How food became our biggest reward

How food became our biggest reward

When you accomplish something, what do you do? You celebrate! Let's grab a drink! I'll treat you to dinner! Sounds like time for some Ben & Jerry's and Netflix!

How did we get here? We used to treat ourselves to a night out with friends, a weekend getaway, or invest money in a new passion. If we did reward ourselves with food, it was more of a "we can have steak for dinner instead of chicken" kind of deal. So what happened?

Sugar. Salt. Fat.

The food industry has duped us. The three things above, salt, sugar, and fat, are all triggers to our dopamine system, the system that says, "Yes! Amazing!" -- our reward system. Fat-free? More sugar. Sugar-free? Artificial sweeteners (which can still link up with our reward system). But these things are also what make processed foods taste so good and addicting. Ever heard of the disappearing calorie? For example, when you eat a cheeto, it almost seems like you chew it and it melts in your mouth--then you eat another, and another. Bam, the bag is gone. Is your willpower to blame? Not necessarily, our reward system is also playing a role.

This system was discovered by two scientists by the name of James Olds and Peter Milner. They allowed rats to pull a level which sent a small jolt of electricity (through electrodes) to the rat's brain. Eventually, they found a certain part of the brain that the rats enjoyed electrocuting (weird right?). That is the septal area, where dopamine is released from, causing the rats to have a pleasurable experience and continue to pull the lever multiple times. 

So these dopamine pathways lead to reward, and certain foods high in sugar, salt, and fat activate them. Ever heard that sugar is addicting? This is the reasoning behind it. But we could also get this same sort of reward from other activities, so how did food become our main venue? 

It's quick, easy, and cheap. 

We are busy people! Have you ever thought, hm, I can reward myself by taking a two-hour detour and going to my favorite hiking spot for a hike? Probably not (if you have, good for you! you've got more gusto than me). It's way easier to take a five-minute detour to Wendy's and get a frosty, or McDonald's to get a fry. And heck, why not add a double pounder, it's only $1! Or maybe you want to reward yourself with some game time--well, making dinner would take up that valuable time... let's order in. Chinese? Pizza? Sugar, salt, fat?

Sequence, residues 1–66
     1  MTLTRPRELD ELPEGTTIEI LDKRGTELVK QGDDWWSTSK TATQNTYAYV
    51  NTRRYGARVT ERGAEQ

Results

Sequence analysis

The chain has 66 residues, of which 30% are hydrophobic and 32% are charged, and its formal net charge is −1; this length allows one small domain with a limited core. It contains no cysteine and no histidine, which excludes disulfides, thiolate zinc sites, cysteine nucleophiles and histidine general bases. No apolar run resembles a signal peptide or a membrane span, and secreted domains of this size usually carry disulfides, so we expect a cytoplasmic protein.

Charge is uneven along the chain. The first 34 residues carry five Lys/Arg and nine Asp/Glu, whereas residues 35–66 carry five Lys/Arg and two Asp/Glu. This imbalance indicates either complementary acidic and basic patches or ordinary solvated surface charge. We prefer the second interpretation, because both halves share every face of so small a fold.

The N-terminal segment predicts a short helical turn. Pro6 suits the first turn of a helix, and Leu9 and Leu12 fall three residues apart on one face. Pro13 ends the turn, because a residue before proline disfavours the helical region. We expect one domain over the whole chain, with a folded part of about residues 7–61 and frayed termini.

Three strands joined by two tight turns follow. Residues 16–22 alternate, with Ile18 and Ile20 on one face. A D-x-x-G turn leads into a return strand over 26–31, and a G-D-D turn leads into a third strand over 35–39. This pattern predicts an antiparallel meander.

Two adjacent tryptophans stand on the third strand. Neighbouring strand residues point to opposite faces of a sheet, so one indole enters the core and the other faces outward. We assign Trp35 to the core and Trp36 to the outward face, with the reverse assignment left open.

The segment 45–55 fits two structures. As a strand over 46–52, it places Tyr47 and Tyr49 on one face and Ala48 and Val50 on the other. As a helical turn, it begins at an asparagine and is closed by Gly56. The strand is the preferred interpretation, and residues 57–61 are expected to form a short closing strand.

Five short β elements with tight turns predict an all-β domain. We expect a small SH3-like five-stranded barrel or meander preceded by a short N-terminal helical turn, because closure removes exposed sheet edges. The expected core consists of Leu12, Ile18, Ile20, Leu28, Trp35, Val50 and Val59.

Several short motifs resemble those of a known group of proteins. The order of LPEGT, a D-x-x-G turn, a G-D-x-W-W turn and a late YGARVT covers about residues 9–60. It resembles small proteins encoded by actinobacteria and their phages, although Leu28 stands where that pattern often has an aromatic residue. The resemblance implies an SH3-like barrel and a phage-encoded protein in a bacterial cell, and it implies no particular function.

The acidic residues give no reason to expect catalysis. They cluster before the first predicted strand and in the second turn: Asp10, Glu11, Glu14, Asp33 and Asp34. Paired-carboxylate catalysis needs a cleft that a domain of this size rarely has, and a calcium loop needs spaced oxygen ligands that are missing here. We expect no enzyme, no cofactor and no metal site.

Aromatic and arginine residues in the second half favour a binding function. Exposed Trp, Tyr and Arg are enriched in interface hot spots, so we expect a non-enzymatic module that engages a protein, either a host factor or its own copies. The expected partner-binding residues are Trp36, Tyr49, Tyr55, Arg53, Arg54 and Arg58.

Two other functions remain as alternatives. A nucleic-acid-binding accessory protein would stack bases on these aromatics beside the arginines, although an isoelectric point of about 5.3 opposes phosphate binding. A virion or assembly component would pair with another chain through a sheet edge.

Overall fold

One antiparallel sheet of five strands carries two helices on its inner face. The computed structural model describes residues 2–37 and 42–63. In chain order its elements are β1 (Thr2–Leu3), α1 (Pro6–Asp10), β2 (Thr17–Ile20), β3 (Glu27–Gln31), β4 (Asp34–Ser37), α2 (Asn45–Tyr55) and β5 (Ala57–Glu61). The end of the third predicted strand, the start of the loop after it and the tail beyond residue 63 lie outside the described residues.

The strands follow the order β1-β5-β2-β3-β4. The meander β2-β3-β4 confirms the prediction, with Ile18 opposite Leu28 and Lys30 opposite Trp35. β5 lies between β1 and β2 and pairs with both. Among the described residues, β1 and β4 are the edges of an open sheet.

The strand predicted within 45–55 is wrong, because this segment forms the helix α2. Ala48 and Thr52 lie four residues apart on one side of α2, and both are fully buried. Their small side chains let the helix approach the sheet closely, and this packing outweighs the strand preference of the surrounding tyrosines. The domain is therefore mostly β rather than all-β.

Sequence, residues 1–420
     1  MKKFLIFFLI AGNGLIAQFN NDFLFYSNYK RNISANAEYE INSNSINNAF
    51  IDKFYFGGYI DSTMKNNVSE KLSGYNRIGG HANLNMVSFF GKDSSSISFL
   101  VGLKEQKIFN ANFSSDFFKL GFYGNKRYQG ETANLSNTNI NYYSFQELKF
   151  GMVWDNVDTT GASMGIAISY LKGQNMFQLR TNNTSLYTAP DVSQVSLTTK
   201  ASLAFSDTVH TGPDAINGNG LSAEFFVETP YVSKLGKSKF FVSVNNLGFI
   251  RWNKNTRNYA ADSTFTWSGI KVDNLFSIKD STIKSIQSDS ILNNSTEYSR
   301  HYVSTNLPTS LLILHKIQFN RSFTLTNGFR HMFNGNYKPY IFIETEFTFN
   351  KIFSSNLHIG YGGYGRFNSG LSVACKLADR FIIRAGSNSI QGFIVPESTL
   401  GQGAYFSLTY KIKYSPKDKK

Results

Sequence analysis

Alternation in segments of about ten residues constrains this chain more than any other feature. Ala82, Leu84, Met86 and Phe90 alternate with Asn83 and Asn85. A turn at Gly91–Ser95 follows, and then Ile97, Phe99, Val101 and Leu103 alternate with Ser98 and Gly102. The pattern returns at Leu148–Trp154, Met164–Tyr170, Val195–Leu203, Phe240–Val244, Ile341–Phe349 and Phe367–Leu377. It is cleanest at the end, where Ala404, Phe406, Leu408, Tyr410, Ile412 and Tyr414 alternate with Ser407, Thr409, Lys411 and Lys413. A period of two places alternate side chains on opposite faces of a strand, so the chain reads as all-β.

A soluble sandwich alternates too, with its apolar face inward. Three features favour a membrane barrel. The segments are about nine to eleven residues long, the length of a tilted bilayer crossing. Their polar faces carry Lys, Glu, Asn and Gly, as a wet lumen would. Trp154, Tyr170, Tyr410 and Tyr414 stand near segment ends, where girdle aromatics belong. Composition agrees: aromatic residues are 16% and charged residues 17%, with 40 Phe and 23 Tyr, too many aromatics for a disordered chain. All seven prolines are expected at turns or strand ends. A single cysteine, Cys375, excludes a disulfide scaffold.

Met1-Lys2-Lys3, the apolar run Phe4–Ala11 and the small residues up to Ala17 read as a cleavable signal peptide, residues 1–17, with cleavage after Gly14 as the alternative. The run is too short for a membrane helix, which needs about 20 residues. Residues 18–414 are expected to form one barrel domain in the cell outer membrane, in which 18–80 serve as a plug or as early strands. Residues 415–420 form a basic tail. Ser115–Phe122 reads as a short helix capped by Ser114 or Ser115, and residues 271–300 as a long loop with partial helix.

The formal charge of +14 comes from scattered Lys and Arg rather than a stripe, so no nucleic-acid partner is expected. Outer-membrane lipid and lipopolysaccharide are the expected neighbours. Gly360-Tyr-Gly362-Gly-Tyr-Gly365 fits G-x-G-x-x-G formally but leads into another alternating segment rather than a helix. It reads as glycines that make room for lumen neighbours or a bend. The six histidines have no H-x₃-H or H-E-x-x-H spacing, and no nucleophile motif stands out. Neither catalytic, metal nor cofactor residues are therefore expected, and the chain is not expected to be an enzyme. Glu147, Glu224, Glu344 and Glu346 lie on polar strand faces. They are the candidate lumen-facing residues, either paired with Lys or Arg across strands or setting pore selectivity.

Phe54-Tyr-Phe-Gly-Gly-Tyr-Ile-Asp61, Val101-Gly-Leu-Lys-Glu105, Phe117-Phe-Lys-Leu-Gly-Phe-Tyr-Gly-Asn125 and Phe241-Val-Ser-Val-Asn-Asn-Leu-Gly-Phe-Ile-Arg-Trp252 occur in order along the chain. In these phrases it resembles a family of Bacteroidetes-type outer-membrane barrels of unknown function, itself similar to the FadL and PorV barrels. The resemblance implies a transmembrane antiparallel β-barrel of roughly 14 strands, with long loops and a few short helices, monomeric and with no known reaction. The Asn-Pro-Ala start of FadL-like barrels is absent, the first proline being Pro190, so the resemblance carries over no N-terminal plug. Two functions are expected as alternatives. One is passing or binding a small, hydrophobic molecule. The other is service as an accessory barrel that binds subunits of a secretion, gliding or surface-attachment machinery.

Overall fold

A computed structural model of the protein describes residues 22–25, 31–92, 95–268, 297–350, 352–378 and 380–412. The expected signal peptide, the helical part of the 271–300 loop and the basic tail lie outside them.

Maybe you want a new game instead. Ouch, $50? I can get two medium two-topping pizzas for 5.99 each according to that billboard I just saw. Truth is, we are short on time and likely short on cash. Even though these other rewards may last longer, the reward response is often not as strong as the one processed food can provide and it satisfies your need for instant gratification without breaking the bank. So we need to re-train our brains and beat this triple threat boss battle of salt, sugar, and fat.

Donald duck and goofy beat this guy... why not us??

Donald duck and goofy beat this guy... why not us??

How? We start by taking more time for ourselves and thinking before we act. Take a different route home to avoid fast food. Don't keep tons of treats in the house. Begin to cut out some of the processed food in your diet, and find other ways to reward yourself that make you happy. There are cheap ways to enjoy yourself without ordering in cheesy bread. Besides, you probably don't always feel great after all that processed food right? How are you supposed to stay up all night playing your new game or fiddling with the latest Pokemon Go update full of cheese and bread!

This doesn't mean we cut out our treats altogether but rather recognize them as just that: TREATS. We can have them just as often as we treat ourselves to that 3-hour hike ;) Start by making a list of all the things you want to do but never seem to find time for. New speed run on Ocarina of time? Unlock some Hutt contracts on Star Wars: Battlefield? Learn to cook a new dish? Reward yourself in these ways to be healthier with your body, and happier with life.

What do you guys think? Am I off-base? Let me know your thoughts in the comments.

-NN

November Jams

University Health Service: Outpatient